I do not think that Churches becoming abandoned will be a problem for the Catholic church because they run out of priests. When push comes to shove, we will find the diaconate taking over a lot of the duties. In the rural Midlands area where I was brought up, about twenty years ago one vicar had to cover about five CofI churches. It was simply enough done – there was a roster where the vicar said service at two churches each Sunday and there was a rota where he said it the first and third Sunday of every month in one village, the second and fourth at another, etc. Several of those churches have since closed – but it was not because of a lack of ministers – having several churches in a rural area was just too expensive to maintain, due to the small congregation, so the CofI closed a few to save maintenance money. In Catholic parishes, as long as people keep attending to them for social reasons (quite likely in rural ares) they will have a large enough congregation to provide the money keep up the buildings. Maybe they might only have a “real priest” once or twice a month but the congregations will get used to that soon enough if they have a deacon. And they are already used to doing a lot of the work of running Cemetery Committees and Hall Committees themselves.
I think they will adjust quite well, Shane.


22. WorldbyStorm - November 27, 2009

I too come from what is quaintly called a mixed background and although I am well acquainted with low church practices, something oddly I found myself quite taken with, I can’t say I experienced any serious sabbatarianism. But since my main religion was RC it’s hard to say that my experience is typical.

These days I’m none too fond of the organisations but I’m not antagonistic to religion as such.

Ramzi, that would be very much my approach on all this.


23. splinteredsunrise - November 27, 2009

You do still get a lot of strict sabbatarians up here. Not so much in Belfast, but in north Antrim or east Derry for sure. It’s not so long ago that DUP councils were closing their facilities on Sundays. No, the Prods have never been that liberal in practice whatever the theory – I always liked Myles’ quip that the Prods were narrow-minded about being broad-minded, and smug about how their churches allowed them to do things like divorce which they wouldn’t do in any case because they didn’t believe in it.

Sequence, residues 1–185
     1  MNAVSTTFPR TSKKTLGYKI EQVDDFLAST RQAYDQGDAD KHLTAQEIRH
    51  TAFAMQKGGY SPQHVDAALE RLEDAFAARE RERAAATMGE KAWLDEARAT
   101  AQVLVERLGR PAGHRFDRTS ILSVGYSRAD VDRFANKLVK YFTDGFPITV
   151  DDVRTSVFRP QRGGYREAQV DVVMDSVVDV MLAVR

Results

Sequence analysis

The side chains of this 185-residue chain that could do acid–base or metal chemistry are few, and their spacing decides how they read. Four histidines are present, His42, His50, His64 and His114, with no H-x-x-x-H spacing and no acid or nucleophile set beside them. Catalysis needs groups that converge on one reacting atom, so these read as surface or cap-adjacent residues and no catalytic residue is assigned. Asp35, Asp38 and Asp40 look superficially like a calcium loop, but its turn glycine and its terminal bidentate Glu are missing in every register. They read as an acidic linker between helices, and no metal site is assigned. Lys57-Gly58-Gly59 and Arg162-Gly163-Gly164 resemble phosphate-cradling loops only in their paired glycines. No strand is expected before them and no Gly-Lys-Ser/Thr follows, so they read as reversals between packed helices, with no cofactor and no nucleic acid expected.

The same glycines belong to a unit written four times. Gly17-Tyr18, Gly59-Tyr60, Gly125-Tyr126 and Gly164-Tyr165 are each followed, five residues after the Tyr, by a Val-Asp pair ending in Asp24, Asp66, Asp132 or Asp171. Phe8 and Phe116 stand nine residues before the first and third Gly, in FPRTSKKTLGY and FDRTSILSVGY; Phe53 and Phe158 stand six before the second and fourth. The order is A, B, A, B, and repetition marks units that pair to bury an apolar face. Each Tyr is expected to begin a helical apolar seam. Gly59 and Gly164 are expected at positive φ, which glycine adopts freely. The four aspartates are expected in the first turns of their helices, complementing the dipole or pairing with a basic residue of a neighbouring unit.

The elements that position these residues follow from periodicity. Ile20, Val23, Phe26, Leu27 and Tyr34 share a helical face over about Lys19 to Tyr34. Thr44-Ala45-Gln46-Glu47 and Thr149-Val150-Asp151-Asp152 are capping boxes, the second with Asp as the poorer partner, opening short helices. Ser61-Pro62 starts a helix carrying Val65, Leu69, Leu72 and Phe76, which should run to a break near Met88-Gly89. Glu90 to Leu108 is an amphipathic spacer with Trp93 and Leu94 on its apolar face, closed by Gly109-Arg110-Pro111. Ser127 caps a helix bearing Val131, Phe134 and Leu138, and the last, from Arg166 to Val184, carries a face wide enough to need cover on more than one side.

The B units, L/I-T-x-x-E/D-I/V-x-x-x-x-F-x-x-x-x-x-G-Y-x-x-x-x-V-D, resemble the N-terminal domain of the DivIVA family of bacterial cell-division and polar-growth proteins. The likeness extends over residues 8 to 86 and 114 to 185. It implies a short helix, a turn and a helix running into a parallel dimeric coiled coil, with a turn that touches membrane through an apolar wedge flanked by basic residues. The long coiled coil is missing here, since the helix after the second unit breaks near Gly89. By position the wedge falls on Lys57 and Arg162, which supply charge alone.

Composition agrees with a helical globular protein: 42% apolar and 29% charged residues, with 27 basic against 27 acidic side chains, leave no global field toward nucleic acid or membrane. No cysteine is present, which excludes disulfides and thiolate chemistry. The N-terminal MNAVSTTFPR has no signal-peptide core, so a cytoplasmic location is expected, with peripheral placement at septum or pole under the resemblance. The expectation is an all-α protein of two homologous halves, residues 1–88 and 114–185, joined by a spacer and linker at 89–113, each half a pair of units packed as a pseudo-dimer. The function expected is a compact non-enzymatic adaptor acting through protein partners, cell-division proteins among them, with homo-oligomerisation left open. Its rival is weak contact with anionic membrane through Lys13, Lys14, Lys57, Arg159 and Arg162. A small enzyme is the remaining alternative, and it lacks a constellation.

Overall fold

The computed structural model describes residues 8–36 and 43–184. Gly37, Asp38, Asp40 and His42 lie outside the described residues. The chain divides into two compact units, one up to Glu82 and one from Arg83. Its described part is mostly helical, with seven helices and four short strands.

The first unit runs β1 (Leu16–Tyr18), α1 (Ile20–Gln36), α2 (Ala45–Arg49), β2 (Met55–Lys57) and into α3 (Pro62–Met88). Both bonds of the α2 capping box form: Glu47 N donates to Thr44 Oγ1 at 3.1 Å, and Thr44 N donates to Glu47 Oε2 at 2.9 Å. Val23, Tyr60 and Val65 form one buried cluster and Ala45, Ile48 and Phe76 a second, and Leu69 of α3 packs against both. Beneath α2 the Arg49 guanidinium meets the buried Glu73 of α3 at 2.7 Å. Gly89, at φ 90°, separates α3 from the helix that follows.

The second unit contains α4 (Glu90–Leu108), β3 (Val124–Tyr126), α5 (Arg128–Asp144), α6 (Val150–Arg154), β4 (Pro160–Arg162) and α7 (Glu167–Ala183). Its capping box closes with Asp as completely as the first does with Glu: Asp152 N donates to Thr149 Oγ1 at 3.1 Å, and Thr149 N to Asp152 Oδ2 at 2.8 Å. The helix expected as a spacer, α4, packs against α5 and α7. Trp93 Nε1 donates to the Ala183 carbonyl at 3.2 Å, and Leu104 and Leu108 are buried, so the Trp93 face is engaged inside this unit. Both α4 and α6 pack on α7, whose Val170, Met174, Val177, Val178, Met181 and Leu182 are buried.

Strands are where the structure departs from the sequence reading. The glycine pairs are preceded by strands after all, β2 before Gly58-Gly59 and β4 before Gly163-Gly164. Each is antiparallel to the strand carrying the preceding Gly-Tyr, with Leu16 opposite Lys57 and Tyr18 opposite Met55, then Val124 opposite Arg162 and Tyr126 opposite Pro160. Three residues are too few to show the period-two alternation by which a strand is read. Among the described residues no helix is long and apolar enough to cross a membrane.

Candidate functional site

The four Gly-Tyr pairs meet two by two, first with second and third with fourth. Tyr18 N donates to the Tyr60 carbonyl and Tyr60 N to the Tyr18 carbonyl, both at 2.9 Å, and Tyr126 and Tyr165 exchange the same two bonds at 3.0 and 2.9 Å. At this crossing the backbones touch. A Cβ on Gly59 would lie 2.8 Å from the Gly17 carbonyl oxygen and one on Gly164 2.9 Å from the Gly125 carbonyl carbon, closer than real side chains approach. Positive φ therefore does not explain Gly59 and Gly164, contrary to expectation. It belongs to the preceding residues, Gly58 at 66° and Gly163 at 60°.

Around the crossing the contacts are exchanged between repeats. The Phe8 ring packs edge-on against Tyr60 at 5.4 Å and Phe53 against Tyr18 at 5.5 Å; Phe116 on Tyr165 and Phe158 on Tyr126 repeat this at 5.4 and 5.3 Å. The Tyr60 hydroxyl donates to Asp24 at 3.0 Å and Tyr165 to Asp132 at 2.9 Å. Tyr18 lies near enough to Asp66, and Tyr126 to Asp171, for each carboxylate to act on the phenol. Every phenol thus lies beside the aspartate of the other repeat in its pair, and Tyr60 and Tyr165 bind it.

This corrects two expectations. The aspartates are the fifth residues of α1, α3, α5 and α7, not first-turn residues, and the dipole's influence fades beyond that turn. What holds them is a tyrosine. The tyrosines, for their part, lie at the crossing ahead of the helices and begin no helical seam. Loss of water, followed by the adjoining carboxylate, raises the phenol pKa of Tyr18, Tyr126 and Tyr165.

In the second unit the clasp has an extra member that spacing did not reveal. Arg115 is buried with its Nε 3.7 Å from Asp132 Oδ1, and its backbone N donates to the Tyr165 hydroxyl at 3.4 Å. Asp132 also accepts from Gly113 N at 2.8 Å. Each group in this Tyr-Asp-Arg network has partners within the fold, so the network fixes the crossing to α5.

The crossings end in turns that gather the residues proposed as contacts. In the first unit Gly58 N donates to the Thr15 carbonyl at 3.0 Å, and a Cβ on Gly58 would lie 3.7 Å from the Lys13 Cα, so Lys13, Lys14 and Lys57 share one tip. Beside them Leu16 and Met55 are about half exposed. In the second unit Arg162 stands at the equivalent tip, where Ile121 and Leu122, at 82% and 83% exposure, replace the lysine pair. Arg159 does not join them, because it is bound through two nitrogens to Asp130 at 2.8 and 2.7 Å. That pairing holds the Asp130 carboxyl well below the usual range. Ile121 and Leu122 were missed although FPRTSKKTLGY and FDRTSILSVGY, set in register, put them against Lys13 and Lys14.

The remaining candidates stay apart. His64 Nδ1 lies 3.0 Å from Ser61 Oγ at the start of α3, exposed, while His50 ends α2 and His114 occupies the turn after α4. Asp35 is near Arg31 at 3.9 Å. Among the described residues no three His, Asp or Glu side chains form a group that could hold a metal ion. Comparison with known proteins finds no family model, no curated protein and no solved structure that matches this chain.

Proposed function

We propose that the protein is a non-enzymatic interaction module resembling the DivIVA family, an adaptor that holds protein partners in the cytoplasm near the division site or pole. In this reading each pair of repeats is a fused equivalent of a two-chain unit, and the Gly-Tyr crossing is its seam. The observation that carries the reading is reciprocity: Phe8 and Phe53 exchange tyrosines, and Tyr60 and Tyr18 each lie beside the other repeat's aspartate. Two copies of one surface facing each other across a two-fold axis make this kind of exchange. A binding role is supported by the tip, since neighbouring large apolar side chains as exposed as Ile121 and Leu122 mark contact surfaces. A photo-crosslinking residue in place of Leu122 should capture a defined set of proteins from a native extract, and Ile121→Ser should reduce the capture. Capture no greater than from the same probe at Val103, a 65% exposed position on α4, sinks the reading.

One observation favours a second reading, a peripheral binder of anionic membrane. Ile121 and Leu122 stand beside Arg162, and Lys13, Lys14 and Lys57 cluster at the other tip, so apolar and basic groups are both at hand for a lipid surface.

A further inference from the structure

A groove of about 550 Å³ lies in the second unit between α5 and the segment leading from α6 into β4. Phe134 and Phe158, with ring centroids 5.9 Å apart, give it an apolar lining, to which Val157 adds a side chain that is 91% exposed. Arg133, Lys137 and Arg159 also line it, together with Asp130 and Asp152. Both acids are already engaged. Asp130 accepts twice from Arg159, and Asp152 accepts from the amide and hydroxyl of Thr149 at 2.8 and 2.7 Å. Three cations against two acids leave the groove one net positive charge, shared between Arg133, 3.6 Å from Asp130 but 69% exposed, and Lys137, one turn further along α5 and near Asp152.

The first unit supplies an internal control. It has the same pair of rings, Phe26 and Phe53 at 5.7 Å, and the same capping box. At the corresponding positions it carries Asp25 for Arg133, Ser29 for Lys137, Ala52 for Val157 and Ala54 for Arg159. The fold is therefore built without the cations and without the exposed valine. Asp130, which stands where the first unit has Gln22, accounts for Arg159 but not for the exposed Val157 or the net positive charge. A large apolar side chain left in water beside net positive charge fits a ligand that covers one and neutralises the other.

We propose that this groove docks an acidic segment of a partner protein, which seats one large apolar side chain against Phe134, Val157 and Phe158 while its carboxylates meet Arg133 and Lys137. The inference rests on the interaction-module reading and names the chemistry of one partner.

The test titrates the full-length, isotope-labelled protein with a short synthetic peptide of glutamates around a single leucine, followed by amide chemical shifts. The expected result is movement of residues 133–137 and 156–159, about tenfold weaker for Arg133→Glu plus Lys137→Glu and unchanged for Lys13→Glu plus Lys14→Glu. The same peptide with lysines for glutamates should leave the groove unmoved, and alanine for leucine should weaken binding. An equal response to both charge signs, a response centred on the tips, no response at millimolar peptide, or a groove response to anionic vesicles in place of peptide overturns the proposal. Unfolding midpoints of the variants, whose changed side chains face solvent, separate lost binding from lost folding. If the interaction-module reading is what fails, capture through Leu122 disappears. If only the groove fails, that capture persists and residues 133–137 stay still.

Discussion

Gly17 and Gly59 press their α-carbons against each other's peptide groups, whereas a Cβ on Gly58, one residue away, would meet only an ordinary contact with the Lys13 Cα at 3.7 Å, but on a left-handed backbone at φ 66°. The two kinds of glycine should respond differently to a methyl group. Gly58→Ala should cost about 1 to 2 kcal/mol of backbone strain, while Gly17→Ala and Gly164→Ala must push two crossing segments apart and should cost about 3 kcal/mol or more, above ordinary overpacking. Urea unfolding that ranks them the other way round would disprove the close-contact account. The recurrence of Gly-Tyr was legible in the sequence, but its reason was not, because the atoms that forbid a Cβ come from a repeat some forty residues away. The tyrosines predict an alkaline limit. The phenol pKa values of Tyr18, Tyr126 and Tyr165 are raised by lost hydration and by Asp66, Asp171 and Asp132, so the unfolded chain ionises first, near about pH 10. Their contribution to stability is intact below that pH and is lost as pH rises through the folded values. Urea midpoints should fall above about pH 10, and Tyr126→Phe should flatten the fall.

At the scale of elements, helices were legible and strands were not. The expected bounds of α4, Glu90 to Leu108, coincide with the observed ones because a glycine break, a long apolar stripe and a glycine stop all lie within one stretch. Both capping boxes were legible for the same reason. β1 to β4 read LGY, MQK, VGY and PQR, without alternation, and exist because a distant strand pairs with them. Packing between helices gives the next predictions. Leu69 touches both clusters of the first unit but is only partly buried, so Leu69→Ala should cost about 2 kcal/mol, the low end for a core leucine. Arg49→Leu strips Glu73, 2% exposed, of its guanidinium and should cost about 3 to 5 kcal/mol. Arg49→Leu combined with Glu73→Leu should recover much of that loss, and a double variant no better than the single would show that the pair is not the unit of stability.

On the broader issue, there were obviously enormous failures of church and state. (And demands are now being taken up for a similar inquiry in the north.) There should be prosecutions, but it took how long? nine years? to do Frank Dunlop after he’d admitted to being corrupt, and is there any evidence of proceedings against those who Frank acted as middleman for?

Broader questions come in about the failure of the Irish state to provide decent services on its own initiative – you can understand the state leaning on pre-existing church structures, but as we know that didn’t make for a very good combination. Also questions to be asked about past attitudes to sexuality, and how that contributed to the situation.


24. Crocodile - November 27, 2009

It’s noticeable that most of us feel obliged to declare our religious backgrounds before commenting and I can understand why. There is a universal revulsion at the report’s contents – with a strong admixture of betrayal in the cases of those who were raised Roman Catholics.
There has been present in the media over the last couple of days, as well, a kind of syllogism that goes something like this:
the Church of Rome was over-powerful and abused that power, therefore all organised religion is bad.